Were the ICC involved in identifying, finding and prosecuting African war criminals, the coverage problem would dissipate as a result of the western actors involved—a wide array of media would profile and report on the conflicts. That coverage in turn leads to attention, attention leads to scrutiny, scrutiny leads to pressure and the right pressure leads to changed behavior.

If this occurred, the ICC would need the authority to violate state sovereignty to bring those accused to The Hague. Currently, those accused of crimes against humanity understand that they have the protection of sovereignty, and as long as sovereignty is a safetynet, they will continue to commit unspeakable atrocities.

Additionally, if the ICC partnered with Interpol, the necessary enforcement would be possible without expanding international bureaucracy. Interpol is the world’s largest international police entity, with 190 member countries cooperating with the organization. As a body working under international law, Interpol has faced similar issues. The two would partner well: the ICC needs a police force to exercise its warrants and Interpol needs a judiciary body to report to.  

Of course, the fear of a world court and police force threatening the sovereignty of individual countries is warranted. And the first criticisms of those world bodies would come from the United States, a country that, out of fear of prosecution, has yet to ratify the ICC charter. The limited scope of the ICC regarding the types of cases it is permitted to try, however, would remain a significant check to its power, preventing it from involving itself in situations better tried in national courts. Most importantly, though, international laws should have the accompanying legal bodies to identify violators and bring them to justice. That is how laws are enforced, and without enforcement laws hold no weight.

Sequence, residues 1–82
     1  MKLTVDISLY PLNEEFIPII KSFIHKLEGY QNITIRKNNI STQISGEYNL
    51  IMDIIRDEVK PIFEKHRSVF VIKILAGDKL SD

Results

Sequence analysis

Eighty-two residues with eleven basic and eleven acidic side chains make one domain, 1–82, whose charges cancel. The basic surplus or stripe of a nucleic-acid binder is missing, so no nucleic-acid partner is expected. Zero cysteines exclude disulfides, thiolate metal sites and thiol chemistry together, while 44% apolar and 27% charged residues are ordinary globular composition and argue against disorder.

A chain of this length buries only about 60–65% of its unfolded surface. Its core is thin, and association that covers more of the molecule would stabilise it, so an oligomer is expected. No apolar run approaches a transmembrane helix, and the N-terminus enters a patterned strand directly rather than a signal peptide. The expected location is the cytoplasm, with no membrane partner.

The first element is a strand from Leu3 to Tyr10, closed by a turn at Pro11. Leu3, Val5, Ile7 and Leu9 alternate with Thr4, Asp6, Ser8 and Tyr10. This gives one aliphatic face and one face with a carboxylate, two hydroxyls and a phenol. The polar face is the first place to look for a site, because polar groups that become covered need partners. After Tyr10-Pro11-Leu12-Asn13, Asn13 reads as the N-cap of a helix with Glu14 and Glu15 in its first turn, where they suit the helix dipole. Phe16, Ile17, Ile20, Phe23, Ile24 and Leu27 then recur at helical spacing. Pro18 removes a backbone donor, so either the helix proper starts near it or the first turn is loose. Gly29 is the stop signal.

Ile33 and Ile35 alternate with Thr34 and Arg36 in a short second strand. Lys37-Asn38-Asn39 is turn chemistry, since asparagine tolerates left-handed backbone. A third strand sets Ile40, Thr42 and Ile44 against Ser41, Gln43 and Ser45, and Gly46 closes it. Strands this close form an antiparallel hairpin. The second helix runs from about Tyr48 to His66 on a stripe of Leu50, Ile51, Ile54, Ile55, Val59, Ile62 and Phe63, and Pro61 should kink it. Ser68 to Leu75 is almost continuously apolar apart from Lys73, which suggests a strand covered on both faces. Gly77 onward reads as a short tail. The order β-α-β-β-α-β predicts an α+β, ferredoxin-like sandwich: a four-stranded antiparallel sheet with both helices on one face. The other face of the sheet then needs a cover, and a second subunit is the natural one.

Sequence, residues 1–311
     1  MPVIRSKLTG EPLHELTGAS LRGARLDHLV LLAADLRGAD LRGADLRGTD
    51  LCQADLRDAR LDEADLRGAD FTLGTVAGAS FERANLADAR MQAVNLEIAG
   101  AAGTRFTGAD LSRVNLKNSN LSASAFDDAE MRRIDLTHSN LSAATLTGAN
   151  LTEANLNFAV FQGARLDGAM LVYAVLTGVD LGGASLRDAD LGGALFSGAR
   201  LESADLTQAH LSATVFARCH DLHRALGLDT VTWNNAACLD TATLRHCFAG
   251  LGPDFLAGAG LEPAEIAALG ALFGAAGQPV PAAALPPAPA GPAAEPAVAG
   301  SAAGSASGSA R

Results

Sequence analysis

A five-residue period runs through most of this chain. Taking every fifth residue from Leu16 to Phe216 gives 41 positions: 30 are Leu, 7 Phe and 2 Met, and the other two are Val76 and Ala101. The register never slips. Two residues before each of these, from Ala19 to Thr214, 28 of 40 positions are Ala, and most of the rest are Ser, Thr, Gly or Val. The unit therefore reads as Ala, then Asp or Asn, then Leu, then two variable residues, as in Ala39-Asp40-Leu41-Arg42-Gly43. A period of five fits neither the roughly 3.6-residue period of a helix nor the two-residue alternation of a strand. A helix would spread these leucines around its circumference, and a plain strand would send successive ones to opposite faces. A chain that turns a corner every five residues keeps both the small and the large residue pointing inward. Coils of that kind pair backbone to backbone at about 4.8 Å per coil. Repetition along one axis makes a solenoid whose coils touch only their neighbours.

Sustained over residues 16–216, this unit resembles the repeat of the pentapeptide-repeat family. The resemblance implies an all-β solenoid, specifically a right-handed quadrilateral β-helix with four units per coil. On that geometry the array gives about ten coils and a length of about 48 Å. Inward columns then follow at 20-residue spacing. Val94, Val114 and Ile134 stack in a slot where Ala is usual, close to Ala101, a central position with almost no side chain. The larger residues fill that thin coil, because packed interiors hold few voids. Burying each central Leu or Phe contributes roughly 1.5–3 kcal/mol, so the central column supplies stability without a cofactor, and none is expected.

No justice system, national or international, represents an active crime deterrent; all courts respond to crimes retroactively. Those who say the ICC is ineffective because it cannot actively deter crime fail to take into account the structure of any traditional justice system. Moreover, those opposed to the ICC fail to appreciate that the fear of prosecution and increased international scrutiny – without sovereignty as a protection – has the potential to make people think twice about their actions while in power. Many of those who commit crimes against humanity are immensely powerful, and therefore answer to no one and fear little reprisal. A more powerful ICC could change that.

The views expressed by the author do not necessarily reflect those of the Glimpse from the Globe staff, editors, or governors.


About Author

Steve Helmeci is a sophomore at the University of Southern California majoring in International Relations with emphases on Western Europe and Political Economy. In addition, he is hoping to complete minors in Law and Public Policy, as well as Public Diplomacy. His main interests are associated closely with global cooperation: first, global justice and the strengthening of the International Criminal Court and second, the global financial system and the establishment of global oversight and regulation for the increasingly interconnected world economy. In the summer of 2015, he is interning with the Global Governance Institute in Brussels, Belgium, at which he hopes to be involved in the Institute’s projects on global justice or global economy. Steve also has a basic proficiency in Spanish and hopes to work in Spain in the future – although anywhere in Europe would be of interest. At whatever areas politics, economics, laws or cultures intersect, that’s what Steve will be studying and writing about.